Thousands of Greek workers chanted anti-austerity slogans outside the country’s parliament as inside lawmakers passed a controversial reform bill that will cut thousands of public sector jobs.
After midnight the government narrowly scraped through the vote with 153 MPs of the 300 seat parliament in favour of the bill. Its approval was needed to unlock nearly seven billion euros in aid from the European Union and International Monetary Fund.
The legislation includes plans for a transfer and layoff scheme for 25,000 public workers by the year’s end.
“With one vote they murdered one hundred thousand people,” said a school worker.” They have killed people with their vote,” he added.
Michalis Tzatzas who is President of the teachers association in Larissa said:
“The entire community of teachers feels betrayed, they are destroying technical colleges and this is just the beginning.”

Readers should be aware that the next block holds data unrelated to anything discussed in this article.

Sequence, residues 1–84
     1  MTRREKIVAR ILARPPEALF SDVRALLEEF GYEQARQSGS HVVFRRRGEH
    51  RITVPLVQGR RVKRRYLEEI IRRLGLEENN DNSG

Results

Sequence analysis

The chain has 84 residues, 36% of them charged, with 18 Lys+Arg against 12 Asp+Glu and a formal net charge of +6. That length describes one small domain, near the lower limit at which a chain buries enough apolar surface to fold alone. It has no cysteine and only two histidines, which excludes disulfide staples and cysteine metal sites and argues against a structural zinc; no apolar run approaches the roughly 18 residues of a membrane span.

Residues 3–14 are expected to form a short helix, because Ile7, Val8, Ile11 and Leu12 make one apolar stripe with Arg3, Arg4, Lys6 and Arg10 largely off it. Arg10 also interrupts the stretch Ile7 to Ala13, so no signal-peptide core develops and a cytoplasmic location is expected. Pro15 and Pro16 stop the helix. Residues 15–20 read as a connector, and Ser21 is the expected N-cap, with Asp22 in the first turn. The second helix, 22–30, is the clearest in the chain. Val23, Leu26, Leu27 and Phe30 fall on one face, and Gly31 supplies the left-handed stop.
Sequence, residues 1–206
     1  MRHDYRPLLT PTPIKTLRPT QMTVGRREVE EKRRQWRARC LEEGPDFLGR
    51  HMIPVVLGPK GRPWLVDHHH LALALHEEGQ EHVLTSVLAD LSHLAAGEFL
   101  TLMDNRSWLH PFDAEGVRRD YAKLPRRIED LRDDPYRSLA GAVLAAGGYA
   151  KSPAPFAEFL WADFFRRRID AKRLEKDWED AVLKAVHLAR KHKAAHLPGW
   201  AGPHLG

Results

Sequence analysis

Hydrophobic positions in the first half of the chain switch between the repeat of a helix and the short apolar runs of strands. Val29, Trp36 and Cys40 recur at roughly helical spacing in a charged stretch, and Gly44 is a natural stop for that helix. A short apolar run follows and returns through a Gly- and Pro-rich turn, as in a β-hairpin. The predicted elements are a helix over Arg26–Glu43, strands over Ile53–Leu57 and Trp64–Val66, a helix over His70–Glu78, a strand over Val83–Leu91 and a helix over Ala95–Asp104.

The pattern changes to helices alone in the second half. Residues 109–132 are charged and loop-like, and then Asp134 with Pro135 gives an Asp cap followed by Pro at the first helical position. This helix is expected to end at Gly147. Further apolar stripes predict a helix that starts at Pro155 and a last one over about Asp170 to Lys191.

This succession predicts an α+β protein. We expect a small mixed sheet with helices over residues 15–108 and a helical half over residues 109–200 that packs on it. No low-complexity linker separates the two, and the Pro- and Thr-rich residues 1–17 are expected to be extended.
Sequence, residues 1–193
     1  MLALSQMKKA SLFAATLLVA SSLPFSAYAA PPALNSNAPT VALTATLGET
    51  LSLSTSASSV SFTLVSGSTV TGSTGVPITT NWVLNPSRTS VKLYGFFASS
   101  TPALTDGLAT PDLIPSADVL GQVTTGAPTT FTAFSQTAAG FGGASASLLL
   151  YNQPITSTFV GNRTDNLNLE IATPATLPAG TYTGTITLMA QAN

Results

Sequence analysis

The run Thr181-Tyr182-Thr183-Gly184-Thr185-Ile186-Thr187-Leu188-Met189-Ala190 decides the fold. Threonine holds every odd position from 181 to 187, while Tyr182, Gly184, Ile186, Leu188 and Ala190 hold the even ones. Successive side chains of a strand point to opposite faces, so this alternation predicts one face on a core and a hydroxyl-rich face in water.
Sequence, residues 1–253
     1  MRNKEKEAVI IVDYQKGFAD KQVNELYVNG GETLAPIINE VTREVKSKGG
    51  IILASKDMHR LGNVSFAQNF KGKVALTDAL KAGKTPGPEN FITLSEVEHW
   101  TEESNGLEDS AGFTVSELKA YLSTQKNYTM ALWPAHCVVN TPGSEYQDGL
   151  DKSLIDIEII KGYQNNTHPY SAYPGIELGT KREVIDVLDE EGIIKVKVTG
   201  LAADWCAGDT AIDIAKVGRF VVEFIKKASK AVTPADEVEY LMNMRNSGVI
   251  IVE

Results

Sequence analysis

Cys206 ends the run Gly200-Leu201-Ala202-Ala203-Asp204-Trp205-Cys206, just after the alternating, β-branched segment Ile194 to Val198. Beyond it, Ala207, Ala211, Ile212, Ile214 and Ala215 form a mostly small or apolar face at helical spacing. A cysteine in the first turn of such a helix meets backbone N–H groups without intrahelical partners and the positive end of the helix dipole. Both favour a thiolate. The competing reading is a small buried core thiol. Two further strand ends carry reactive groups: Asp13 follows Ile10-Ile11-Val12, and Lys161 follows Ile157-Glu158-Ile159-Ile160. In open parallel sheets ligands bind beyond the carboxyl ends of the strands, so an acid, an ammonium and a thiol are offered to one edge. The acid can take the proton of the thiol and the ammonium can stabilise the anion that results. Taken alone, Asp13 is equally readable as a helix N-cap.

Protesters welcomed members of the opposition Syriza party who came out to show their support. Together they chanted it was the end of the coalition.
Panagiotis Lafazanis speaking for Syriza foretold it was a time for change.
“There is a river of change that is flowing and whose current cannot be stopped. The days of the Samaras Venizelos government are numbered. The time of the Left is here.”
Anger was also focused on today’s visit by Germany’s finance minister, whose firm stance in demanding cuts from indebted eurozone nations is deeply resented.
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